NXP Semiconductors Malaysia Sdn Bhd banner company

NXP Semiconductors Malaysia Sdn Bhd

Company SSM No 244835-W · 501-1000 Employees · Semiconductor

Tentang NXP Semiconductors Malaysia Sdn Bhd

NXP Semiconductors provides High Performance Mixed Signal and Standard Product solutions that leverage its leading RF, Analog, Power Management, Interface, Security and Digital Processing expertise. These innovations are used in a wide range of automotive, identification, wireless infrastructure, lighting, industrial, mobile, consumer and computing applications. Headquartered in Europe, the company has approximately 28,000 employees working in more than 25 countries and posted sales of USD 4.4 billion in 2010.

Working at NXP is a challenge – the challenge and experience of being part of a dynamic team dealing with cutting edge customer solutions. As an ambitious team of professionals operating in an incredibly exciting industry, we’re always looking for passionate, talented people who will embrace the freedom and challenges we provide. Dedicated professionals that actively push back the boundaries beyond what would normally be expected.
NXP supports and respects human rights and provides fair & equitable treatment to all employees regardless of race, age, gender, sexual orientation, ethnicity, disability, religion, political affiliation, union membership, national origin or marital status.

The foundations for what was to become one of the world's biggest electronics companies were laid in Eindhoven, the Netherlands, in 1891. Philips began by making carbon-filament lamps and by the turn of the century, was one of the largest producers in Europe. As developments in new lighting technologies fueled a steady program of expansion, in 1914 it established a research laboratory to study physical and chemical phenomena and stimulate product innovation. In 1918, it introduced a medical X-ray tube. This marked the beginning of the diversification of its product range and the moment when it began to protect its innovations with patents in areas stretching from X-ray radiation to radio reception. In 1925, Philips became involved in the first experiments in television in 1925 and in 1927 began producing radios in 1927; by 1932, it had sold one million of them. A year later, it produced its 100-millionth radio valve and started production of medical X-ray equipment in the United States. By 1939, when it launched the first Philips' electric shaver, the company employed 45,000 people worldwide. Science and technology underwent tremendous development in the 1940s and 1950s, with Philips Research inventing the rotary heads that led to the development of the Philishave electric shaver, and laying down the basis for later ground-breaking work in transistors and integrated circuits. Philips also made major contributions to the development of the recording, transmission and reproduction of television pictures. In 1963, it introduced the Compact Audio Cassette. In 1965, it produced its first integrated circuits. The flow of exciting new products and ideas continued throughout the 1970s. Research in lighting contributed to the new PL and SL energy-saving lamps, while Philips Research made key breakthroughs in the processing, storage and transmission of images, sound and data. These led to the inventions of the LaserVision optical disc, the Compact Disc and optical telecommunication systems. In 1972, the company established PolyGram, the enormously successful music recording label. In 1974, it acquired Magnavox and in 1975, Signetic, both in the United States. Acquisitions in the 1980s included GTE Sylvania's television concern and Westinghouse's lamps business. Then, in 1983, came a technological landmark: the launch of the Compact Disc. Other landmarks of the time included the production of Philips' 100-millionth TV set in 1984 and, in 1995, the 300-millionth Philishave electric shaver. The 1990s was a decade of significant change for Philips. The company carried out a major restructuring program to return it to a healthy footing, simplifying its structure and reducing the number of business areas. In 1997, in cooperation with several other companies - and building on the success of its Compact Disc technology (invented by Philips and jointly introduced with Sony) - it released what proved to be the fastest growing home electronics product in history: the DVD. Moving into the 21st century, Philips has continued to change and grow. Long aware that for many people it is no more than a consumer electronics producer, it has dedicated itself to projecting a new and more representative image that reflects the products it offers in the areas of Healthcare, Lifestyle and Technology. By following this up in 2004 with a massive advertising campaign to unveil its new brand promise of 'Sense and Simplicity', the company confirmed its dedication to offering consumers around the world products that are advanced, easy to use and, above all, designed to meet their needs.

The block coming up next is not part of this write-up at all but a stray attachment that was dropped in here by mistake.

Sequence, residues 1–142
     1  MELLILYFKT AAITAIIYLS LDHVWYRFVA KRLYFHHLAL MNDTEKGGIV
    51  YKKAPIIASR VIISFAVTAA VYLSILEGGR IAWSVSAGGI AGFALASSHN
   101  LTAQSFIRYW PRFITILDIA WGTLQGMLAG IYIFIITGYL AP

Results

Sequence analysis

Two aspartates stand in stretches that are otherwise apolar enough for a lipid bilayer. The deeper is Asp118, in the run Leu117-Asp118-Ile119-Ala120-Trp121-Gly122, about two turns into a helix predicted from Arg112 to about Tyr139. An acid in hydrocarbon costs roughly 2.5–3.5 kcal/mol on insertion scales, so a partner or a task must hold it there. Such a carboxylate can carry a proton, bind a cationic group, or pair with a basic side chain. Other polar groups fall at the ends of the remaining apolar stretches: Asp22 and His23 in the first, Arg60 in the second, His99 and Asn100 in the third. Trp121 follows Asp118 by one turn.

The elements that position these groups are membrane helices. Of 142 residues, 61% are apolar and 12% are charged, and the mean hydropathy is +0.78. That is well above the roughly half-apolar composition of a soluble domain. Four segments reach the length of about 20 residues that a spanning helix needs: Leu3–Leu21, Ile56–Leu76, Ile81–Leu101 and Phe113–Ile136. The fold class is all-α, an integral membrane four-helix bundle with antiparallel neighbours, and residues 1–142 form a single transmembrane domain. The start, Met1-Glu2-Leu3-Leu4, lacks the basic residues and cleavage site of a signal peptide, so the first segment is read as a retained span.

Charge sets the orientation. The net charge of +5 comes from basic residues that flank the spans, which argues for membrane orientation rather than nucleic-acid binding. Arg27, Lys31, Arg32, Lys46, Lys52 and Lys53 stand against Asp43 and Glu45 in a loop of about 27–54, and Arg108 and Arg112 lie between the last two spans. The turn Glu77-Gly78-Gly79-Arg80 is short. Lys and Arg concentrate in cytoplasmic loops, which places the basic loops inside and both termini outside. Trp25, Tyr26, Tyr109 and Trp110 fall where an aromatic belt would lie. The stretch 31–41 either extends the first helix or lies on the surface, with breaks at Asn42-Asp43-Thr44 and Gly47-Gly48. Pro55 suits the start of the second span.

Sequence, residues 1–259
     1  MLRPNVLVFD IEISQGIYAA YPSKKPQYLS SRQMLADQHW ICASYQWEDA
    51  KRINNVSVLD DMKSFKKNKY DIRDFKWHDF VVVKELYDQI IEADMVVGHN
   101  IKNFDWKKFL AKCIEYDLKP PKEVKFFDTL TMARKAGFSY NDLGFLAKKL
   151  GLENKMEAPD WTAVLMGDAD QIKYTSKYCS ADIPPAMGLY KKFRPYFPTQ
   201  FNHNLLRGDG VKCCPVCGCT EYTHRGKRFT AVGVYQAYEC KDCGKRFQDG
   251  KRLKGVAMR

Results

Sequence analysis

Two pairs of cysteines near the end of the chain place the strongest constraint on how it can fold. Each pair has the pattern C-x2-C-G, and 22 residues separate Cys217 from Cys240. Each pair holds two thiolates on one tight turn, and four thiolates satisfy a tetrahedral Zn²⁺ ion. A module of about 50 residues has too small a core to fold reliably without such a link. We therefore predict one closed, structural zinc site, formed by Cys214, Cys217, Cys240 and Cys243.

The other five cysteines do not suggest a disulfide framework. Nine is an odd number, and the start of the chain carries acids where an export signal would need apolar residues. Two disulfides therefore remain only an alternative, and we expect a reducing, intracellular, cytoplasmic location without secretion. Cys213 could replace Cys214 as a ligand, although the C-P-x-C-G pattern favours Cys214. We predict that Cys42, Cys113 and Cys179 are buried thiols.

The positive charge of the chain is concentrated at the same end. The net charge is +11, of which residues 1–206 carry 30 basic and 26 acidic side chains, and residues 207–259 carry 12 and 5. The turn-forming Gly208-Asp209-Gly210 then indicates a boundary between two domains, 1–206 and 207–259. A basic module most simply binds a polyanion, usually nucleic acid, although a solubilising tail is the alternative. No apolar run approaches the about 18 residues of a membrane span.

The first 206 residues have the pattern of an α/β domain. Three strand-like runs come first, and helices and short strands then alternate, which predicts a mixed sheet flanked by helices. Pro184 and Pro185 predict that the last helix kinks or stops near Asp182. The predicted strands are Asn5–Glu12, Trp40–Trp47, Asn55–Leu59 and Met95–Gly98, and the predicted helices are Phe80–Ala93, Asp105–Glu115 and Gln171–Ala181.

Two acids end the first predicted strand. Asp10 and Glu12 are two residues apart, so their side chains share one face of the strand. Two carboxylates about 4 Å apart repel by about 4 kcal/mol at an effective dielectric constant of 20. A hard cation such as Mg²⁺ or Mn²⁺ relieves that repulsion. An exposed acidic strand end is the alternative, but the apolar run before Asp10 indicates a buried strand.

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Pt No. 12687, Tuanku Jaafar Industrial Park, Seremban 71450, Malaysia